The following table shows the final itemized losses found in the final design at 3.1 watts of load power.    This was obtained through both experimental and calculations means.   The exact equations for each parameter are shown in the  boost_Flyback_Design.ods file located in the Nixie Power Supply Github repository.

 FET Conduction 0.186 Sense Resistor 0.171 FET Gate 0.009 FET Turn off 0.032 Diode Leakage 0.005 Inductor Conduction 0.12 Inductor Magnetic Core 0.58 Diode Rev. Recovery 0 Diode Conduction 0.028 Snubber Dissipation 0 Input Trace Resistance 0.022 Secondary Conduction 0 Total 1.152

Battle of the Inductors

By sampling of several types of inductors,  improvements in the core loss can be obtained, at the expense of a larger size and footprint.      Three inductors were chosen, the original shielded Wurth Inductor, an unshielded Bourns Inductor, and a high-performance, High current Epcos Inductor.

With the Epcos inductor the efficiency increase to 81% at 5v,  a saving of 0.4watt of power, mostly by improved core losses but some inductor conduction losses.   At 12 input, the efficiency with the Epcos core increased even more to 87%.   The Bourns performed worse than the Wurth inductor when mounted on the PCB, while slightly better when mounted away.  This indicates that the stray magnetic fields were causing losses in the copper ground plane.  Because the Wurth Inductor is fully shielded, this is not an issue and is the best overall choice for low profile and footprint.    For the best performance, the Epcos was great but has a height of 13mm and a larger footprint.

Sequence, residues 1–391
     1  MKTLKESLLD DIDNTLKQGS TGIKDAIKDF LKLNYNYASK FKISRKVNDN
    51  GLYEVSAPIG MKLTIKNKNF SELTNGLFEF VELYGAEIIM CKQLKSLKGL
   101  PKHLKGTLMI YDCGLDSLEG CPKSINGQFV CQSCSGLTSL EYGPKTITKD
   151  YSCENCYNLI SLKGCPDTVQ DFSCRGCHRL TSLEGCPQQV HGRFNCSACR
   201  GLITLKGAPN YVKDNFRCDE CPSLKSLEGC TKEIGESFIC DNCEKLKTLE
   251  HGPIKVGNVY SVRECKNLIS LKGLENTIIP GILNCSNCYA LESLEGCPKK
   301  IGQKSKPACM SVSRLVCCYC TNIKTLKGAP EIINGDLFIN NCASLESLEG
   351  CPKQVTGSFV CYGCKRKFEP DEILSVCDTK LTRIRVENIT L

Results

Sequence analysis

Reduced the peak current limit to 2.9amps

R12 was reduced to 4.12k to reduce the peak current to 2.9amps.   The design consideration was to adjust the value so that it will start to limit at the point the boost converter cannot reset to zero amps completely (see the discussion on turn off losses).   This limits the output power to approximately 3.5 watts with a 5v input supply.    At 12v of input, this peak current can be increased to increase the maximum output power.

Summary and Next Steps

The DCM boost converter is a good topology choice for a nixie tube display.      The transient performance is great, and the efficiency has been optimized using off the shelf magnetics and components.   And for the size, I can’t see anything more efficient.  A flyback converter could reduce conduction losses, but would need a higher switching frequency so the net result may not be any better.   Maybe a more exotic soft switched flyback topology could achieve higher efficiency using custom magnetics.    This may be a topic for a future blog.     🙂

I’m also working on a taking the latest 1.5″x1.5″ inch PCB layout and shrinking it to 1.5″x1″ along with four mounting holes, a USB input connector, a terminal strip out, and components on one side of the PCB.   This work is in progress and also located on the Github repository in the KC_NixieSupply5vto170vMini directory.

In any case, I hope you enjoy this design and get a good use of it for your next Nixie Tube display.   I’m going to use this supply for my upcoming nixie tube clock design.   Doesn’t everyone need to eventually build at least one of Nixie Tube clocks?  Drop me a comment below if you have any questions or comments.    I would love to hear your feedback.

Sorry about the screen captures, I need a better way to capture screen images (i.e. from a GPIB port into Linux).   Let me know what solution you have?

This design is intended as an Open Source Hardware.   I still need to add the appropriate disclaimers ….

The Surf has really sucked this week. 🙂